Thursday, 31 December 2009

Playing With My Xmas Pressie!!

Today all the guests and visitors had finally gone, and I had my painting table back to myself again.

But before I brought in all the modelling bits and pieces down from the loft and in from the garage, I decided to break open my "unofficial" Xmas present, the 4th expansion set for Commands & Colors: Ancients. Imperial Rome.

I was aching to see how the C&C: Ancients system handled Caltrops and the new Cataphract units, both Camel and Cavalry. The answer was; very simply and elegantly, and the rules work really well.

Using Cavalry to chase away Light Foot now becomes a very risky business indeed. Before, the Light Foot had to choose to stand and fight if they were to inflict any losses at all on attacking Cavalry, and that was usually a foolhardy decision to take. Instead, they would usually evade, reducing their chances of casualties but also totally negating the possibility of inflicting any.

With the Caltrop rules, those Light Foot units listed as being equipped with caltrops (which are scenario dictated) may still choose to evade attacking Cavalry for all the usual benefits (the attacking unit will only hit them on a Circle symbol, and cannot follow up into the vacated hex), but now, the attacking Cavalry can face total disaster! Every Sword symbol rolled on the attack they make, results in a hit against themselves!

The heavily armoured Cataphract Camel and Cavalry units gain the ability to ignore the first Sword result in any Close Combat. This is not a massive advantage and doesn't make them supermen, but it can make a difference.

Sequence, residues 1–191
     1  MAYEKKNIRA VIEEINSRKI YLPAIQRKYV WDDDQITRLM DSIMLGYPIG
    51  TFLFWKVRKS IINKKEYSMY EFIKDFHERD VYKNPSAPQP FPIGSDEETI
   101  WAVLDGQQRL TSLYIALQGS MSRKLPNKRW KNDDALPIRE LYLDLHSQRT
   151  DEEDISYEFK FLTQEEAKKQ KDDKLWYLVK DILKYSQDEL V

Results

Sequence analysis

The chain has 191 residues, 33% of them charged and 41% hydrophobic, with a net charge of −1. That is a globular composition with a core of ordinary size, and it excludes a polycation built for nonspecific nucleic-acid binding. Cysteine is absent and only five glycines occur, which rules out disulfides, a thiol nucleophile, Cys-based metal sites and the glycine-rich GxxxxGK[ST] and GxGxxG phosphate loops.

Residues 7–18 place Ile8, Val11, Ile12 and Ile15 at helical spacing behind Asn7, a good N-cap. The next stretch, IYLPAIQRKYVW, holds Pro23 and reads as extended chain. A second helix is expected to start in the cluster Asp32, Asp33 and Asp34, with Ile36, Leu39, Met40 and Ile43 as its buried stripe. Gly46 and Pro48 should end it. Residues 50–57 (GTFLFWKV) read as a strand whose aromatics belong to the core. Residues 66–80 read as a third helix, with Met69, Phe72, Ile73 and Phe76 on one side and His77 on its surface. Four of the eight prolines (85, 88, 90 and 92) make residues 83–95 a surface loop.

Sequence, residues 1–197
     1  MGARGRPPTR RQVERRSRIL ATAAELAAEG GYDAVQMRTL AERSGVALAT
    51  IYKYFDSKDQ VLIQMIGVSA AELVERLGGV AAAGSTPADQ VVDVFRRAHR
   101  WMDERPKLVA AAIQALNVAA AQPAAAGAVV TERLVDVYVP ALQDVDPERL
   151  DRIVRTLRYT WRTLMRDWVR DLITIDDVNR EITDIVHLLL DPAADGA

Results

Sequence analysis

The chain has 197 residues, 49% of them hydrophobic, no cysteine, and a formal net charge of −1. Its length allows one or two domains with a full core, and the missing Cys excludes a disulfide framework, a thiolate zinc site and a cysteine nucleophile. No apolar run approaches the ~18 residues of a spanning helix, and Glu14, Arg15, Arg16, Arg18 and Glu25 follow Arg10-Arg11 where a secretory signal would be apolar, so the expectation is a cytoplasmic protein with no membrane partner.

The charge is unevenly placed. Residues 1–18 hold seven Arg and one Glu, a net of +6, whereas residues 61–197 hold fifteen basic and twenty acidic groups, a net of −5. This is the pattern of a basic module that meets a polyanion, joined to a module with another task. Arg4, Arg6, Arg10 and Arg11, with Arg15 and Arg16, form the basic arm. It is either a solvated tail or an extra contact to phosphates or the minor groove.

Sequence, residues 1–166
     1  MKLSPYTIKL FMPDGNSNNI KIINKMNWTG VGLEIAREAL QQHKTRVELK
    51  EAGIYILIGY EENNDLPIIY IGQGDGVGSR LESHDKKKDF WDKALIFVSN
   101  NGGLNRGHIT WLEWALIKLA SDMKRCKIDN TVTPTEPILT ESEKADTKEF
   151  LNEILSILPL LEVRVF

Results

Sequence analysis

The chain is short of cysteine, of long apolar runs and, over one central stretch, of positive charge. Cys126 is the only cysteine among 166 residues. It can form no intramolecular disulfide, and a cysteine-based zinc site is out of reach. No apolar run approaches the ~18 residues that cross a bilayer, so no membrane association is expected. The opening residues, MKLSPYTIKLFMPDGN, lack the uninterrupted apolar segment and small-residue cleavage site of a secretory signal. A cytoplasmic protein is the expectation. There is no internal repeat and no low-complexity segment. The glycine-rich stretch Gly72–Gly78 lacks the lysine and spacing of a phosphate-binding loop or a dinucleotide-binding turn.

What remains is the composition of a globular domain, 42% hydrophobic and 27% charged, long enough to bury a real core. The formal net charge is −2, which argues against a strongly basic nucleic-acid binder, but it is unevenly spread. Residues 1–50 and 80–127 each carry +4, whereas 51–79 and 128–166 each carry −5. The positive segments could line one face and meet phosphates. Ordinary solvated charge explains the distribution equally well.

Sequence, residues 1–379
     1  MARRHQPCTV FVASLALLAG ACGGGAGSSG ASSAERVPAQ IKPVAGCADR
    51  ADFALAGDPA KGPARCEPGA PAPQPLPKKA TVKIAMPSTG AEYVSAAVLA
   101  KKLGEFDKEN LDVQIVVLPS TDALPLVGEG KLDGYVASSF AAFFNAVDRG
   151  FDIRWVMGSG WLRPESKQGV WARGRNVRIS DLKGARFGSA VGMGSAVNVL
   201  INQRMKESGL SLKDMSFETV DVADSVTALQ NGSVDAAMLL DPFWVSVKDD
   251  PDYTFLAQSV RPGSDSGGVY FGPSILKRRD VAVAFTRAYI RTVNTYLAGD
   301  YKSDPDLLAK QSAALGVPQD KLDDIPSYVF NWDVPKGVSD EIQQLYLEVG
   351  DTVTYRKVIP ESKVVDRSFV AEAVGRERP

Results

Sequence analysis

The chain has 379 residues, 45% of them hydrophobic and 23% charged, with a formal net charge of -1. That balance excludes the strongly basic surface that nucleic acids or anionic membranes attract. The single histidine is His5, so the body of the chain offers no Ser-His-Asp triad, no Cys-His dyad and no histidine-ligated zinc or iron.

I picked a scenario that would allow me to try out both of the Cataphract units, and the caltrops. The battle was Nisibis - 217AD, between the Parthians led by Atrabanus IV and a Roman force led by Macrinus. It was a solo game, with me developing a split personality and taking what I genuinely thought would be the best move available for each side, given the cards available.

It was a large battle by C&C: Ancients standards, with around 25 units on the Parthian side and 20 on the Roman. I'm not going to go into a blow-by-blow account, but the game was a see-saw fight; a real punch-up, with the Roman left flank almost totally collapsing even after their legionaries had inflicted horrendous losses on the Parthian horse. And yes, the Caltrop rules worked fine, as the Parthians found to their cost. Forced to try and drive away the Light Foot in front of the Roman main line, time and again they suffered from the pesky little devices while the skirmishers and bowmen dodged back. Again, the caltrops were not a battle-winner, but they had enough of an effect to force the opposing side to re-think their tactics.

The result was that the Cavalry-heavy Parthian army became sluggish, and suffered high attrition while trying to get into contact with the main Roman Legions. Once they did, the Legions started to suffer against the strong and tough Heavy Cataphract Cavalry. The fight went right down to the wire, but in the end the Parthians lost by 8 banners to 6, as their Heavy Cataphract Cavalry got bogged down in a slow-moving, grinding match with the Legion Infantry.

The end came with a swift Roman counter-attack, which caught a distracted and weakened Camel Cataphract unit and wiped it out.

Now I understand how the new rules work in practice, I shall give my regular(-ish) gaming opponent a ring, and see if he has the time to get a game in over the New Year holiday.

1 comment:

Jaye Schmus said...

I got so wrapped up in your Battle! project that I forgot you do Ancients also. Reading your account, it's amazing what one remembers of warfare in those times. If you've not read it, I'd like to recommend David Drake's Ranks of Bronze.